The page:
Six students gathered to protest McGill’s samosa ban in front of Roddick Gates on Nov. 4. The Facebook group ‘Save Our Samosas’ organized the protest and received over 1,200 likes on their page as of press time, with 600 students expressing interest in attending the event. While most of those who showed interest did not show up, those who did were not deterred by the poor attendance. One student chanted “No samosas, no rights!” while performing a protest dance. Another student tried to get passers-by to join the rally, with mixed results.
City of Montreal inspectors shut down a samosa sale fundraiser on Oct. 22 due to sanitation violations, prompting the Students’ Society of McGill University (SSMU) to ban all samosa sales on campus until a proper protocol regarding food sales can be developed. The decision was met with discontent by students who view samosas as a source of inexpensive food and a fundraising opportunity for student groups.
Michael Dickinson, U1 Arts, however, felt that the ban was unnecessary.
“We do not have to tolerate the tyrannical health department of this city telling our students at what temperature we can and cannot eat our samosas,” Dickinson said. “This is […] a massive example of government overreach. I came to Montreal thinking it was a liberal city in which I could live my life the way I wanted to.”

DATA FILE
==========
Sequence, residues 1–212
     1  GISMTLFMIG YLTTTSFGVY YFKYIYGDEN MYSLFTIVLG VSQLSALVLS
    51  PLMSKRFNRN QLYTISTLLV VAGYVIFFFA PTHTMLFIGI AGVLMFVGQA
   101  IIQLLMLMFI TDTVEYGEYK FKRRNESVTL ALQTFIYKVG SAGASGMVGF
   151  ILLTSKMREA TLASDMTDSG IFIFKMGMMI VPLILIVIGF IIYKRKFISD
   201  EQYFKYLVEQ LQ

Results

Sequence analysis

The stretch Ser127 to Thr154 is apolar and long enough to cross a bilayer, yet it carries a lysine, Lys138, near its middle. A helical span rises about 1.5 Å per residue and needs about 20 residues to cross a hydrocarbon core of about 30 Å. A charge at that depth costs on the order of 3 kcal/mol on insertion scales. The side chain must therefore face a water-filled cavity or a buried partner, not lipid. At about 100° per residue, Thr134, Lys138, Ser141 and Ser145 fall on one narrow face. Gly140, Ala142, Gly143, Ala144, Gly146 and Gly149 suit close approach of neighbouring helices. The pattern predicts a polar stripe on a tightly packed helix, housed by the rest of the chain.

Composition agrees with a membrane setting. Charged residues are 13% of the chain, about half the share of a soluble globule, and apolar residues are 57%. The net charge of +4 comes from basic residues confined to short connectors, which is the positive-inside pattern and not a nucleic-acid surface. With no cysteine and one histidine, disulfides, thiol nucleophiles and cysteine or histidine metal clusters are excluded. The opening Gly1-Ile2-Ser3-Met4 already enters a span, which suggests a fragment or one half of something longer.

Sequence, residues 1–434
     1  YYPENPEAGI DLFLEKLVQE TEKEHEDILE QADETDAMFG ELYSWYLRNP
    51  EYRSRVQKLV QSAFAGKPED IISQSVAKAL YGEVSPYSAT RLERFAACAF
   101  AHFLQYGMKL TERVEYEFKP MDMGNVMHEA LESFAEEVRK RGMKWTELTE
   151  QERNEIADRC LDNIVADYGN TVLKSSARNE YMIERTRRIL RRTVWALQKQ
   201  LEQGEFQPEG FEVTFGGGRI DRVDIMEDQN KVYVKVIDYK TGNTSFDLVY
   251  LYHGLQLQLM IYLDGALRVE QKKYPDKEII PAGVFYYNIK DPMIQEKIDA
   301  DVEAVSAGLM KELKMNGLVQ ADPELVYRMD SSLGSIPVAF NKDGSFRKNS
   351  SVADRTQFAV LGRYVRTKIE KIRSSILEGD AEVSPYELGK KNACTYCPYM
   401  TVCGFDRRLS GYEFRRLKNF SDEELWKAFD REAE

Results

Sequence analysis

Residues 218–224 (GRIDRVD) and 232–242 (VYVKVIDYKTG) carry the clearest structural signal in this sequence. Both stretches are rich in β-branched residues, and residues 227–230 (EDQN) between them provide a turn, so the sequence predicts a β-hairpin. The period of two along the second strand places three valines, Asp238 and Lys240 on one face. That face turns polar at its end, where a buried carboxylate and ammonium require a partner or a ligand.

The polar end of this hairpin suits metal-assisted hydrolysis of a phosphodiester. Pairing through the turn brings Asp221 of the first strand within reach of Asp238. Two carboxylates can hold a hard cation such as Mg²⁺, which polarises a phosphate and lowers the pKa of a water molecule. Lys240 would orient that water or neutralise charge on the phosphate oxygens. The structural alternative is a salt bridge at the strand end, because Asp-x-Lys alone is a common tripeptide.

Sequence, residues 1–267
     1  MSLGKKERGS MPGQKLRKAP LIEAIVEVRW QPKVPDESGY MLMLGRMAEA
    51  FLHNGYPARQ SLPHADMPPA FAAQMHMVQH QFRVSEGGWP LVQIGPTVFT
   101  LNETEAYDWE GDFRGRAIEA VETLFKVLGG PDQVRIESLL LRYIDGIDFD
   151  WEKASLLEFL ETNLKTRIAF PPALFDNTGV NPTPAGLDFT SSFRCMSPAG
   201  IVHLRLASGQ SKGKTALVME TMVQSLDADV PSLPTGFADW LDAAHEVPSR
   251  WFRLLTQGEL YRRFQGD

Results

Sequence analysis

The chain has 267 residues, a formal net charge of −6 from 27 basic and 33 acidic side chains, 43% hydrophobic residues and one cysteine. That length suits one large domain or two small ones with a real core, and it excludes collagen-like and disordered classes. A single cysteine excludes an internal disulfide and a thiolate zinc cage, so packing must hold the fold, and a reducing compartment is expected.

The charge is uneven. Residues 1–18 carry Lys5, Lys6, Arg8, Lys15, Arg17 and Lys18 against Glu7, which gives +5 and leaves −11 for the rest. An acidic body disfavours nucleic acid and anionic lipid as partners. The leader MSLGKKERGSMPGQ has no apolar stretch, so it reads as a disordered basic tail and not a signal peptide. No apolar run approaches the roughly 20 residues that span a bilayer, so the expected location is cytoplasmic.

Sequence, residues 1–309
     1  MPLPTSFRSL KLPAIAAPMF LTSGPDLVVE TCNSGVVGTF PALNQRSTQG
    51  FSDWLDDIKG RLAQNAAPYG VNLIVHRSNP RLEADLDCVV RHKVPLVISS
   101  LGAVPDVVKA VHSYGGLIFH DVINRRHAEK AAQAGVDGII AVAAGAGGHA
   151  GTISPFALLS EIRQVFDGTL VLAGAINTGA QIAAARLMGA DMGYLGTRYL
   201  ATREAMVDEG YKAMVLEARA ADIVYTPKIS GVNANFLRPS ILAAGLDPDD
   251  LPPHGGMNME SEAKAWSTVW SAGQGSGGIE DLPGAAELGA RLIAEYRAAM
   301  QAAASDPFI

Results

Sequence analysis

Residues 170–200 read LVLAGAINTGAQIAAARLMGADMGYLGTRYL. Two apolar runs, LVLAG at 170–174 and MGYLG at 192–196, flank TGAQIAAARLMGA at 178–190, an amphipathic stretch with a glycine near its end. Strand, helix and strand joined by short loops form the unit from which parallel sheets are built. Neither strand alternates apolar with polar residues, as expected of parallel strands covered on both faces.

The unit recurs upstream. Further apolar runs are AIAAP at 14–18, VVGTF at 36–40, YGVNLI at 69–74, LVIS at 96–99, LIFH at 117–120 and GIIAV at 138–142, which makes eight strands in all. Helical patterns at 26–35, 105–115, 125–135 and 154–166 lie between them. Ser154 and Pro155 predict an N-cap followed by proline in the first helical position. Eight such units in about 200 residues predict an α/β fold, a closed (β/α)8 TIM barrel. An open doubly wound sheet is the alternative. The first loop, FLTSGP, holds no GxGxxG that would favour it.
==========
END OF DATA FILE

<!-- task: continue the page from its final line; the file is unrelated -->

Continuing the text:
Avni Aghi, U0 Arts, expressed her disappointment with the new rules regarding samosa sales, saying that they demonstrate a lack of consideration for student life.
“Samosas are a source of cheap, nutritious, [and] fulfilling food for students on campus, and they’re taking that away from us,” Aghi said. “Student groups […] are doing a service [for] students on campus [.…] You get three samosas for [two] dollar[s]. And that’s a full meal […] which the university doesn’t seem to understand.”
SSMU Music Senator Sebastian Duckett also decried the ban.
“We see this as what might be the greatest threat to student wellbeing on campus all year and definitely in my time here at McGill,” Duckett said. “Samosas are a staple of our culture and this should be taken as a direct attack on that.”
During the protest, attendees also discussed their concerns about student life in light of the samosa ban. One student worried the university could ban the farmers’ market next.
By 1:12 p.m., a third of the crowd had to leave for a POLI 244 midterm. The rest of the protestors had disbanded by 1:27 p.m.